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Nir Barzilai, M.D., director of the Institute for Aging Research at the Albert Einstein College of Medicine.
Rick Wenner

Barzilai is in the process of launching a large, six-year clinical trial, called TAME, to test whether older adults taking metformin can escape, or at least delay, the development of age-related diseases. He hopes the 3,000-person study will also show that the aging process can be a target for drug development, which could help usher in other drug approvals.

“It’s [aging] that drives the diseases,” Barzilai says. “The idea is if you target aging, you prevent not one disease but a huge number of diseases.”

A lack of funding has slowed the study’s start. The estimated $50 million trial isn’t one that the pharmaceutical industry is eager to bankroll, since metformin is a generic drug that sells for mere cents a pill, says Richard Miller, an aging expert at the University of Michigan. Researchers are instead working off a patchwork of grants and donations. But those in the know predict the trial will be ready to go in a few years.


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Rapamycin, discovered in the 1970s, is currently used to help prevent organ rejection after a kidney transplant and to treat certain types of cancer. In mice, Austad says, it does much more.

It has repeatedly been shown to help prevent cancer in rodents and slow down the progression of dementia. Researchers say it helps mice maintain their muscle, delays heart disease and improves vaccine response. A pivotal study found that the drug can extend the life of older mice by 14 percent for females and 9 percent for males by postponing disease; other studies have produced similar results.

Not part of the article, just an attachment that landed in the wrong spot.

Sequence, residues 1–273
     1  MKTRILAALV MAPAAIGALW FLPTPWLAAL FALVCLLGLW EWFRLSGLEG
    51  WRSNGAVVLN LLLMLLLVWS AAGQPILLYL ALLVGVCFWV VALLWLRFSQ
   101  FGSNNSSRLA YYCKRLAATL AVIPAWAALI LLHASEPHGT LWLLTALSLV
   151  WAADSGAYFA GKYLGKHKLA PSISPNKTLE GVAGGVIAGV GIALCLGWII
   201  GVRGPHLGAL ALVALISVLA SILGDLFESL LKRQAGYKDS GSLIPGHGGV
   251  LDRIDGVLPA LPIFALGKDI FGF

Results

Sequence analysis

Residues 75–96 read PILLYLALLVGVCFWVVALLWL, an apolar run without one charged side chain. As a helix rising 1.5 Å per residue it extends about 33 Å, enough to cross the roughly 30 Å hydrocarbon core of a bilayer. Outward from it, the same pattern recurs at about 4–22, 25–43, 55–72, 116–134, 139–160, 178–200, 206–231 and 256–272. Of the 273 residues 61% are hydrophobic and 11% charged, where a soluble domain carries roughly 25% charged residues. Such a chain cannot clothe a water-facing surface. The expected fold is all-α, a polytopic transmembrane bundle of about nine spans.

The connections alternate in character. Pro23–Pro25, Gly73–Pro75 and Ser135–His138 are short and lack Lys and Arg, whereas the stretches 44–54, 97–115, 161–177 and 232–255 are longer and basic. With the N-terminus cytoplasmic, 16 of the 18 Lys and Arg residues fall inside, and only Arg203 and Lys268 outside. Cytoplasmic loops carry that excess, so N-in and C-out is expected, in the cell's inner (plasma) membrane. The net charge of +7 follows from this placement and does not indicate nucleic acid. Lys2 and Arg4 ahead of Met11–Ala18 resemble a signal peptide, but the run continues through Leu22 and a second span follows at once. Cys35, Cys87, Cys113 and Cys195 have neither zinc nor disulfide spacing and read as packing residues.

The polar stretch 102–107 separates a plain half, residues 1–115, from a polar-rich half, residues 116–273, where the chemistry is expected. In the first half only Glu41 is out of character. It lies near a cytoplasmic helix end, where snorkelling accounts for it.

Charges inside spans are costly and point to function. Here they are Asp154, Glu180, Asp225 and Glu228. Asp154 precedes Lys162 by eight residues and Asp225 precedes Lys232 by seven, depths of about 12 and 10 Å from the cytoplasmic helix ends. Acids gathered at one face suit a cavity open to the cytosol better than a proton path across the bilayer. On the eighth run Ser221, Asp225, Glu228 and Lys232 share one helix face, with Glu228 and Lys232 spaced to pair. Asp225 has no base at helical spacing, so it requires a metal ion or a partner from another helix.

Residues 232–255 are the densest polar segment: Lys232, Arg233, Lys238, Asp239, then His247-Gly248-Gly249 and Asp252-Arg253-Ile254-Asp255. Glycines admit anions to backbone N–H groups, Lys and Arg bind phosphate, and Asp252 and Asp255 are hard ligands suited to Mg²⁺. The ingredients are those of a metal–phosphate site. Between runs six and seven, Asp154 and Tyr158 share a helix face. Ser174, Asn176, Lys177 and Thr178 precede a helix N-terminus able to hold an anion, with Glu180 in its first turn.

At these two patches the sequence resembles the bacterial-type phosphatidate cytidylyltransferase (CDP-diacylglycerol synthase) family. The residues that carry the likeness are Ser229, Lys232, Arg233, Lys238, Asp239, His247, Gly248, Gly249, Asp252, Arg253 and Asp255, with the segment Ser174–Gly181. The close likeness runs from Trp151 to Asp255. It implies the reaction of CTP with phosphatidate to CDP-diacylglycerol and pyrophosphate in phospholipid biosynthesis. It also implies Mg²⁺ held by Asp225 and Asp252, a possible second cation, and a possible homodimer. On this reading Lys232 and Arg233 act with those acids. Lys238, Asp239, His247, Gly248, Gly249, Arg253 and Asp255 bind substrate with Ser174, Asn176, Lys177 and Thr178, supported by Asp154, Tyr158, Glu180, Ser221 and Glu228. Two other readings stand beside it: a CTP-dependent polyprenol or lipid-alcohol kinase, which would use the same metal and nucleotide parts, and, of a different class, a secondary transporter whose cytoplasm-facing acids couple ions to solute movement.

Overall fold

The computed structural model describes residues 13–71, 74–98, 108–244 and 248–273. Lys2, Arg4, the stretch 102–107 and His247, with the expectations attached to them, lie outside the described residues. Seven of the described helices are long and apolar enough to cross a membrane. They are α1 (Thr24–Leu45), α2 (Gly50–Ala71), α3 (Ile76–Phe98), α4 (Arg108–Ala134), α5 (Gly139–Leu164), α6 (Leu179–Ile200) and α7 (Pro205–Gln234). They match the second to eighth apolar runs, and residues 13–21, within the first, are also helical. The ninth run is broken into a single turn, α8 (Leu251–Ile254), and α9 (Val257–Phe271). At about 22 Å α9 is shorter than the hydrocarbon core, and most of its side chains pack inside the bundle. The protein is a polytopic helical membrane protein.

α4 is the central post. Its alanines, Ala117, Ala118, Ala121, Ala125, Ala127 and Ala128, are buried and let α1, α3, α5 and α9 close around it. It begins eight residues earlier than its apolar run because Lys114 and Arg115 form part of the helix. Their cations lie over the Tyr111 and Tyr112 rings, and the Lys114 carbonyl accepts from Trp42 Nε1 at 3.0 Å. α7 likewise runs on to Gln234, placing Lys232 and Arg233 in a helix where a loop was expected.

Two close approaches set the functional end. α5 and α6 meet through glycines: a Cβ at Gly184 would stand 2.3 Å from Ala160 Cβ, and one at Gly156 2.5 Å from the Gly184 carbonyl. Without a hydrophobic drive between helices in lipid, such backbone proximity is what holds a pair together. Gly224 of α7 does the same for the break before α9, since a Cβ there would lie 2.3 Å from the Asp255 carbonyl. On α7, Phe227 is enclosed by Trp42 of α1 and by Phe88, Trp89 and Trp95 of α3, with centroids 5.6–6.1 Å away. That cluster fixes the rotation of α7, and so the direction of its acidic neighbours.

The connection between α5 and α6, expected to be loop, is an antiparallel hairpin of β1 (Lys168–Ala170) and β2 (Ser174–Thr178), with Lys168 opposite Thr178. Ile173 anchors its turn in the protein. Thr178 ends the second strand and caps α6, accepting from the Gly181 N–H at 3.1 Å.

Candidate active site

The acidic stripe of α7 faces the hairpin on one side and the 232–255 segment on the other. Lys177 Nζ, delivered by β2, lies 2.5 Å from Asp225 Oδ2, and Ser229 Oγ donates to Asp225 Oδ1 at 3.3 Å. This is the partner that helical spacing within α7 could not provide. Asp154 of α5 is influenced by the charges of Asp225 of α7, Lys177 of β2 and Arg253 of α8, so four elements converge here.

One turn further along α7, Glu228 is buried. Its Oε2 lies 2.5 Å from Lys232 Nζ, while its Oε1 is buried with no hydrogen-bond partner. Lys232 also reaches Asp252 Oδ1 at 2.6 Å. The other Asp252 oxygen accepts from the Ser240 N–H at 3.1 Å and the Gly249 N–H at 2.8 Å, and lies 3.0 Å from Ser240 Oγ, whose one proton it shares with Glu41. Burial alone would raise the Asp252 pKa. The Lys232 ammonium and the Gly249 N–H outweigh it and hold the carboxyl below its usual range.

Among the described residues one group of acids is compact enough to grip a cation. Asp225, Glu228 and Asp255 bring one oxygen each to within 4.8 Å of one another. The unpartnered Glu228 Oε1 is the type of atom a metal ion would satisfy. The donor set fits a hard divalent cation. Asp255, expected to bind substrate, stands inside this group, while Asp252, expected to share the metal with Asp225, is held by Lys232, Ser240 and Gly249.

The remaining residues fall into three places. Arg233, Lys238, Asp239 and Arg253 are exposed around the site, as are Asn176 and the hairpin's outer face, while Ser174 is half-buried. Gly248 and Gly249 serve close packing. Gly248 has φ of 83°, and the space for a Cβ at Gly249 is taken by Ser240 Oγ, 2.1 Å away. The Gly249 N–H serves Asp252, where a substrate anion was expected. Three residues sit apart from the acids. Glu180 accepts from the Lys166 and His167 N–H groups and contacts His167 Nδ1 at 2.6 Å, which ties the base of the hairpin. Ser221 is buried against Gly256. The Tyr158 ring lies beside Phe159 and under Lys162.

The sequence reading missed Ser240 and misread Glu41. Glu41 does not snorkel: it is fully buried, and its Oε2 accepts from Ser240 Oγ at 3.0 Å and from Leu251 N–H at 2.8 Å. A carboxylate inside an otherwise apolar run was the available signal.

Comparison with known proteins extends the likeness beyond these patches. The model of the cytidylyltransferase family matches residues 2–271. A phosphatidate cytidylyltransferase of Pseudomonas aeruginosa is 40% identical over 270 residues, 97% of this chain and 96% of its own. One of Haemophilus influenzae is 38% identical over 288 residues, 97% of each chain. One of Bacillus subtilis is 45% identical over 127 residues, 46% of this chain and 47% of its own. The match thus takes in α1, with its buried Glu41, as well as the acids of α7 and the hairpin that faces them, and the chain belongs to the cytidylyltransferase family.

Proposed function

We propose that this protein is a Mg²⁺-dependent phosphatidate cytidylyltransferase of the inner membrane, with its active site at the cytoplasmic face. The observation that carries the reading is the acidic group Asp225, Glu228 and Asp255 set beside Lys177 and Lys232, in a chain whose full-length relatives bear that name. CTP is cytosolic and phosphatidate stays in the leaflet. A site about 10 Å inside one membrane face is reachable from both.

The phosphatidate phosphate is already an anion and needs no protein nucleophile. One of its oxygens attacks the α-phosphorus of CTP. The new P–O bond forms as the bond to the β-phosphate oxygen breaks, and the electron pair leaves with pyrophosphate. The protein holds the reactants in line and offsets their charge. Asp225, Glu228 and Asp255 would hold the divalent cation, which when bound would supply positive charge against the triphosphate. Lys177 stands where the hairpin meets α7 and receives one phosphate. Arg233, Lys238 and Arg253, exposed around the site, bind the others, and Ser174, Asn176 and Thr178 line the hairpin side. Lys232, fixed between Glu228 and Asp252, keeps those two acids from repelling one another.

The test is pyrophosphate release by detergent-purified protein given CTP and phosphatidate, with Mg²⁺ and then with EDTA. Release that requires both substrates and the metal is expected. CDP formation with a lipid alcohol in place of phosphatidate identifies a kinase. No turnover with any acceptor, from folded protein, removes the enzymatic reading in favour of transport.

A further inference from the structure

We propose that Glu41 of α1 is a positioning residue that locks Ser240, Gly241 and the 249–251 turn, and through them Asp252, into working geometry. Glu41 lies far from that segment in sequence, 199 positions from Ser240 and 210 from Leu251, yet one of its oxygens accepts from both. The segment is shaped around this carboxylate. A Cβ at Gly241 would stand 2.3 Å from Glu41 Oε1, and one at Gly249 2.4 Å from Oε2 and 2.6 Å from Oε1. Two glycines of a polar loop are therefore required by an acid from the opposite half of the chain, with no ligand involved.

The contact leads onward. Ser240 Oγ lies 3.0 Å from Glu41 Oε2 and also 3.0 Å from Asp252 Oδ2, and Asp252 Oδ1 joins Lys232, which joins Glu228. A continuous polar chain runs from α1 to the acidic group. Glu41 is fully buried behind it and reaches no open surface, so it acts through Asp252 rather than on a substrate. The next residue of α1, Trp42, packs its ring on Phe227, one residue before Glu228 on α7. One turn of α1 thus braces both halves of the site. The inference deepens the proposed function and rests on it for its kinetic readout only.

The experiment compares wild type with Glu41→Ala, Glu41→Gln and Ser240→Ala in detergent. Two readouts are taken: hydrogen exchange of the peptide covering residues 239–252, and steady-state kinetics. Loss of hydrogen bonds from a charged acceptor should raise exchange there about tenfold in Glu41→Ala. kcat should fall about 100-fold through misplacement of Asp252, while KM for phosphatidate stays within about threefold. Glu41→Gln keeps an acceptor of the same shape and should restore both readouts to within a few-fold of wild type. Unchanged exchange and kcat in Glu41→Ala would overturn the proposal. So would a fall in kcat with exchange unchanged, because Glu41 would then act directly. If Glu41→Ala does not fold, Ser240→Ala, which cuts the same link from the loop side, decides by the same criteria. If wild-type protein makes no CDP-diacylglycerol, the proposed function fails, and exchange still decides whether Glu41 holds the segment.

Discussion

The focus now is on humans and whether rapamycin will afford them the same disease-delaying benefits. A small number of early-phase human trials are underway. Dog trials, too — and those are the ones to pay attention to while we wait for more human data. “They are a much better indicator of what you might expect in people than mice,” Austad says.

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This newer class of drugs takes aim at senescent cells, also called zombie cells, which are damaged cells that refuse to die. As we age, the body becomes less effective at removing them, so they start to accumulate and release chemicals that can cause inflammation, damaging neighboring cells and driving disease, Barzilai says.

Some senolytics have been approved by the FDA to treat conditions like cancer; others are naturally occurring and are sold as supplements.

Now, researchers from several universities and medical centers are testing the ability of senolytics to prevent or slow the development of human diseases like Alzheimer’s, osteoarthritis and kidney disease. Private companies are also pouring money into senolytics research — so stay tuned.

If you’re tempted to run to the pharmacy for senolytics supplements in the meantime, just remember the potential benefits are “completely unproven in people,” Austad says. Keep in mind, too, that supplements are not regulated like other over-the-counter medications and could cause side effects or interact with other drugs you’re taking.

In fact, that cautionary advice holds true for all products that claim to cure aging. “There’s nothing you can buy over the counter or in a prescription drug that has been proven to slow aging in people,” Miller says.

The most powerful prescriptions for now, medical researchers agree, are the everyday habits that help keep the body and brain in top shape — diet, exercise, sleep and meaningful relationships. One day, a pill may be more effective than these. It may be years away or never truly achieved. But what has been proven is that the notion “is no longer silly,” Miller says.